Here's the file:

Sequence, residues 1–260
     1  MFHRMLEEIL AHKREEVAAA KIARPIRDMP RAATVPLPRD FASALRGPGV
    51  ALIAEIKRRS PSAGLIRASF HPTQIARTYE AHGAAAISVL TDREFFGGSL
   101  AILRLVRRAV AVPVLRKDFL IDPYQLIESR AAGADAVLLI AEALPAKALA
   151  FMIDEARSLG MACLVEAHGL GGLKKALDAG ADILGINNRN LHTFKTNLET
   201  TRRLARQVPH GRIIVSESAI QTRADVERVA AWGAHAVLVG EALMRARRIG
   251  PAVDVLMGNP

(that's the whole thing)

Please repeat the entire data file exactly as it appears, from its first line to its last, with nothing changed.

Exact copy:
Sequence, residues 1–260
     1  MFHRMLEEIL AHKREEVAAA KIARPIRDMP RAATVPLPRD FASALRGPGV
    51  ALIAEIKRRS PSAGLIRASF HPTQIARTYE AHGAAAISVL TDREFFGGSL
   101  AILRLVRRAV AVPVLRKDFL IDPYQLIESR AAGADAVLLI AEALPAKALA
   151  FMIDEARSLG MACLVEAHGL GGLKKALDAG ADILGINNRN LHTFKTNLET
   201  TRRLARQVPH GRIIVSESAI QTRADVERVA AWGAHAVLVG EALMRARRIG
   251  PAVDVLMGNP